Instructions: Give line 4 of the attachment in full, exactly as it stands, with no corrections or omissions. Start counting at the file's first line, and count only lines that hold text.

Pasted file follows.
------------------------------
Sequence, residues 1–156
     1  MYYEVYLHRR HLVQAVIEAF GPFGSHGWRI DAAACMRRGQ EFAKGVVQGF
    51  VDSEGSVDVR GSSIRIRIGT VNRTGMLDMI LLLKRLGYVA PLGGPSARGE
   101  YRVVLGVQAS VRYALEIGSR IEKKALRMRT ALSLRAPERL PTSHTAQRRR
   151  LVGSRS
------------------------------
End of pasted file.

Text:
   101  YRVVLGVQAS VRYALEIGSR IEKKALRMRT ALSLRAPERL PTSHTAQRRR